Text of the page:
Marketing your business on social media works for one very good reason: everyone is there. But ‘everyone’ includes a lot of other marketers, which means the people you want to reach are already getting inundated with ads from competitors. That you have to stand out isn’t news. But how you can stand out on social media in 2018 is news—because for every platform, there’s an emerging trend you can leverage to get seen and engage your followers.
Here’s everything you need to master social media marketing this year.
Trend #1: Instagram is the new Facebook
“For marketers searching for a social media platform that can provide access to a growing audience of highly engaged users, Instagram has become a market leader.” —Owlmetrics, Instagram Stories Made Simple: A Step-by-Step Guide.
Instagram is a great platform for posting your travel photos. Get your favorite and pair it with a personal message using any of these layouts from Canva: Travel Blog Instagram Post, Orange Madrid Travel Instagram Post, and Travel to Spain Instagram Post.
Instagram has been growing like crazy, and there are a few reasons why. For one, it’s still a happy, cheerful place where people share pictures of their breakfasts and vacation destinations, rather than spewing their political opinions. For another, it hasn’t yet reached the ad saturation that prompted Facebook to switch around its algorithm yet again to prioritize “friends, family and groups” (we’ll get to that later).
“One reason for Instagram’s rapid adoption among advertisers is the pipeline of 5 million active advertisers on Facebook. As Facebook faces ad load saturation on its main app, marketers have more reasons to experiment with Instagram advertising. Facebook can provide the same targeting capabilities on Instagram, but there’s a growing number of ad types and more available inventory on Instagram for advertisers to drive conversions.” —JD Prater, Director of Growth Marketing & Customer Acquisition at AdStage.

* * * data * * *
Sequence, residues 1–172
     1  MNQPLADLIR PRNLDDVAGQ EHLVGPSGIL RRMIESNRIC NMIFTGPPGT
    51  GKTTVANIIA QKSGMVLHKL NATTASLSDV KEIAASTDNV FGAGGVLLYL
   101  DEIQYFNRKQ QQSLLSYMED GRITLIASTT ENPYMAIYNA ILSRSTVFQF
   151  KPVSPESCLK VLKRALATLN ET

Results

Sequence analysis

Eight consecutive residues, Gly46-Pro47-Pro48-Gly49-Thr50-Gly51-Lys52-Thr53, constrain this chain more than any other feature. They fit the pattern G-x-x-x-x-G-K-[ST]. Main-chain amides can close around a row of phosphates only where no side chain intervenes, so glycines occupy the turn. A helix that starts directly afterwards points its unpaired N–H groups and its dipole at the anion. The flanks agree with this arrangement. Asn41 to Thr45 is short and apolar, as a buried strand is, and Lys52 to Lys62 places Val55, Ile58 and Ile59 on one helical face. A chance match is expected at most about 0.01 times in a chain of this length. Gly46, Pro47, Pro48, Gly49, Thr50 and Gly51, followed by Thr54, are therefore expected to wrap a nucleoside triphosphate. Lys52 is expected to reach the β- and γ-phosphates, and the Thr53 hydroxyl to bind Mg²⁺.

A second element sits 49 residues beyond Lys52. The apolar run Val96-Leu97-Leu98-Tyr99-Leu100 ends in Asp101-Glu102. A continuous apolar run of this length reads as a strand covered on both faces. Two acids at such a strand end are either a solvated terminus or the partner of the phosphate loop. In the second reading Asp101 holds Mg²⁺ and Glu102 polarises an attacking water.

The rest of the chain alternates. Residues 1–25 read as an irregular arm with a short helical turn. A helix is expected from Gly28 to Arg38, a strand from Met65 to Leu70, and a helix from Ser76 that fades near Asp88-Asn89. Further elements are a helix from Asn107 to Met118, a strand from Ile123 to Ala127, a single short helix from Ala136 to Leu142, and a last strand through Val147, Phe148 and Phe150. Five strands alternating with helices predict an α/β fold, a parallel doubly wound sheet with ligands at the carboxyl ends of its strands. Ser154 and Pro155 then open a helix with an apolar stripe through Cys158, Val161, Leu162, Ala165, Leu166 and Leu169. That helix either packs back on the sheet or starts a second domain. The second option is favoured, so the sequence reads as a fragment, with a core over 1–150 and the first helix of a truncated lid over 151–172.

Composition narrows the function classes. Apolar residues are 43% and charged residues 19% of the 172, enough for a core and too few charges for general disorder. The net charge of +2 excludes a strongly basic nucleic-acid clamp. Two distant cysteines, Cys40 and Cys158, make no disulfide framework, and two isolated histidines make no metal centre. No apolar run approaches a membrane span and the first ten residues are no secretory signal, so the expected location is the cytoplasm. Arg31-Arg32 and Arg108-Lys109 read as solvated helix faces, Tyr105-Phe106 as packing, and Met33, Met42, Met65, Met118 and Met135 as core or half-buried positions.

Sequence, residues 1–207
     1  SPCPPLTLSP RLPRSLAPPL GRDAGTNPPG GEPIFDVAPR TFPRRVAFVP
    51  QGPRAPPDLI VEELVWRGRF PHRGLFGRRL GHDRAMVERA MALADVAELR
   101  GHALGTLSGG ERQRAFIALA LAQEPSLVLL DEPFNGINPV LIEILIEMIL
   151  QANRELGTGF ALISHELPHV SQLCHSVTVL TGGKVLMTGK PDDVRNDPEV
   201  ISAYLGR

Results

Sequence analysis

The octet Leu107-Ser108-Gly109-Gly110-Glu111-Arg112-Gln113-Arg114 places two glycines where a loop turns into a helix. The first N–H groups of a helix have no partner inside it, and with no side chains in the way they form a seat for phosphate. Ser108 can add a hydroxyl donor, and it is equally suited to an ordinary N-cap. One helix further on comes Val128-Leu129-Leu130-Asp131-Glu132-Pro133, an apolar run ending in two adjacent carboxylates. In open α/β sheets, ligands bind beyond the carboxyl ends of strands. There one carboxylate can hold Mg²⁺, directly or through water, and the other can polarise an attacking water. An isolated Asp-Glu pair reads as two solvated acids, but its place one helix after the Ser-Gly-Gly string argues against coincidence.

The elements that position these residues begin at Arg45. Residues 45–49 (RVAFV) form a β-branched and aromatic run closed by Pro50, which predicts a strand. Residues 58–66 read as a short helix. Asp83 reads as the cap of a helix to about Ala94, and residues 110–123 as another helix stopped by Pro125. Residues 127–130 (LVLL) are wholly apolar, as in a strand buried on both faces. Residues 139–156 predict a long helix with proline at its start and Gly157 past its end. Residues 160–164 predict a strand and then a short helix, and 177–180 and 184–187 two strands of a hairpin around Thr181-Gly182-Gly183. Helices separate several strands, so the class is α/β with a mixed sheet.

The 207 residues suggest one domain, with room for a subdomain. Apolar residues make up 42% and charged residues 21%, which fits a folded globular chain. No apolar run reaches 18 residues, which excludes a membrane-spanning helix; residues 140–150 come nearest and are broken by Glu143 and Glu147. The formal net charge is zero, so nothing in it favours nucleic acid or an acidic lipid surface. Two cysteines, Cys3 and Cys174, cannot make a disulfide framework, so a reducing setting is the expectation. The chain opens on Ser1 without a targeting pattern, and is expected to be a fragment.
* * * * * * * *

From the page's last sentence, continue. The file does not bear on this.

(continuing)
But Instagram is an inherently visual platform, which means it requires a different approach than Facebook’s text-forward posts. If the image doesn’t grab viewers, you’ve lost them immediately. But, overlaying words on images can give you the best of both worlds.
Blinkist uses overlays to great effect with either taking pictures of book covers, or overlaying quotes on top of stock photo backgrounds. Followers come for the quotes and stay for the books, or at least the summarized key ideas of the non-fiction books Blinkist shrinks down.
Trend #2: The push towards original, branded, niched images continues
As more marketers get wise to Instagram, generic ads are cropping up. Consumers are well-trained to ignore these already. Stock photos? Gimme a break.